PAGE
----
I read somewhere the other day it's best to try and get a decent sized clematis for planting out, any good online retailers bar the obvious (Crocus etc.)?

    While we're on the topic of clematis, what's the best way to prune this mature and overgrown existing one I have?-



    I know it should be done after it flowers (which looks like it will be early summer) but how hard back can this be cut? It's clearly been left for years and looks the same on my neighbour's side of the fence.
  • FairygirlFairygirl west central ScotlandPosts: 46,171
    Loads of good suppliers - the clematis specialists -Taylors, Thorncroft, Hawthornes. and Peter Beales. The last is known for their roses, but the clems are always in good condition, and with good pricing.
    Crocus is very very expensive for everything. 
    You can even pick up good quality clematis from GCs and even DIY stores, but it's worth doing the research on suitable types first, and then seeing what those outlets have. You can pick up young plants from various places, but they need grown on for a year or so  to ensure they're nice and sturdy before planting out in a permanent position.  :)
    It's a place where beautiful isn't enough of a word....


  • NollieNollie Girona, Catalunya, Northen Spain.Posts: 5,623
    There are a few single flowered, pollinator friendly climbing roses suitable for a North wall. Most take a good three years to establish and provide decent cover, so even though I’m a rose nut, I reckon you are probably better off with a clematis too 😊 
  • Busy-LizzieBusy-Lizzie Posts: 18,438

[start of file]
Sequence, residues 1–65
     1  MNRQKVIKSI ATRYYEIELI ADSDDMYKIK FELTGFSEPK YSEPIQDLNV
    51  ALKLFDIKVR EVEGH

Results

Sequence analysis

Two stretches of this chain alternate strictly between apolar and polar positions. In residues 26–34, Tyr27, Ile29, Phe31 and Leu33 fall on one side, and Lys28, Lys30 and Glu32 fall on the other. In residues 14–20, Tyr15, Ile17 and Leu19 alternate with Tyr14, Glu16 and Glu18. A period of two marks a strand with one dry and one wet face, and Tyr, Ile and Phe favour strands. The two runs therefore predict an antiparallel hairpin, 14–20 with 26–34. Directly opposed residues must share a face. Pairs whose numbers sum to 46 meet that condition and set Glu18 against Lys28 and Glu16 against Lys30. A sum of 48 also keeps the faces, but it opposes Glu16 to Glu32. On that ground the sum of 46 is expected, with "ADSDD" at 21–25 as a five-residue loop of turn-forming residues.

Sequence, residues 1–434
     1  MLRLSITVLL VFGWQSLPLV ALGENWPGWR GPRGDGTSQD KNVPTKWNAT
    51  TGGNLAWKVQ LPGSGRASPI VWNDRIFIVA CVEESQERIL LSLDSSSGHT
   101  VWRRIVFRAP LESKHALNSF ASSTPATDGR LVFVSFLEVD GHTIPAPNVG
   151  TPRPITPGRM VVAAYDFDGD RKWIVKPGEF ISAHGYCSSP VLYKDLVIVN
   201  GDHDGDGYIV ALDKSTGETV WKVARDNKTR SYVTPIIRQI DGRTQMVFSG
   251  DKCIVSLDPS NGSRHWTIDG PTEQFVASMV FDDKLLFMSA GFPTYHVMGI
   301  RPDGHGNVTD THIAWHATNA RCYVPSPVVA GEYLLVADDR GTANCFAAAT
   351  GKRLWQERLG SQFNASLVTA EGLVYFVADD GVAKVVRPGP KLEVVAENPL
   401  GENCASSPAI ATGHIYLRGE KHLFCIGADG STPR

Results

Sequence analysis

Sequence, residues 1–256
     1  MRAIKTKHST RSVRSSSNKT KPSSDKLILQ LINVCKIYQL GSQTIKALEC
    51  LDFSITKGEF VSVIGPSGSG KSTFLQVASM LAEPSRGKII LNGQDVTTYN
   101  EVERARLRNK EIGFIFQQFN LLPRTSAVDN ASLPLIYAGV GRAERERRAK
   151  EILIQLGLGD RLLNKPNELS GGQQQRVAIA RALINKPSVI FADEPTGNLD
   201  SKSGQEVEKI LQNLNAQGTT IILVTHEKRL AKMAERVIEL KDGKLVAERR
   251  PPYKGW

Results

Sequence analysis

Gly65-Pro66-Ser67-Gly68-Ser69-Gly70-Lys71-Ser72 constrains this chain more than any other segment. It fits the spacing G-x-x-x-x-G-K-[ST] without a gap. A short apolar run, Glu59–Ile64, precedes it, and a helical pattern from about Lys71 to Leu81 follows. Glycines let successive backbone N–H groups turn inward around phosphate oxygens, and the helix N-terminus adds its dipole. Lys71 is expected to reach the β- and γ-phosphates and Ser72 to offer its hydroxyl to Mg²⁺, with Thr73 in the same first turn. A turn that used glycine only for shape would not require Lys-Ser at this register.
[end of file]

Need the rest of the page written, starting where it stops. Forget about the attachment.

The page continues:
Is that a clematis montana on the fence? They don't usually need pruning but if you want it tidied up you can prune it quite hard after flowering. It probably won't flower next year though.

    I have clematis Etoile Violette in the shade. It grows quite big. I bought it from Peter Beales but I think they are supplied by Thorncroft.
    Dordogne and Norfolk
  • MarlorenaMarlorena East AngliaPosts: 6,344
    Considering your brief, I wouldn't plant roses or clematis but 2 x Pyracantha 'Orange Glow'.   About 5 feet apart.. If prepared to pay a bit extra, they can be bought at a height of 5-6 feet in 3 litre pots. and will spread out and grow quite quickly sideways, as well as up, as they are vigorous plants..  evergreen, flowers and berries.. better for cover, wildlife, and insects which swarm around the flowers..

    I have grown these on a sunless north facing wall where the sun was blocked by buildings.. 
  • mikeymustardmikeymustard Posts: 454
    I'm afraid your choice of clematis is quite limited at the moment: I've been searching for a "silver moon" for one of my partner's clients and all the good online suppliers seem to have a very restricted supply of varieties for sale. Why this should be I don't know, but I suspect it has something to do with brexit/lockdown alliance, cos lots of the garden centres have had to find British nurseries to supply them, and everyone's still trying to catch up with the new passion for gardening.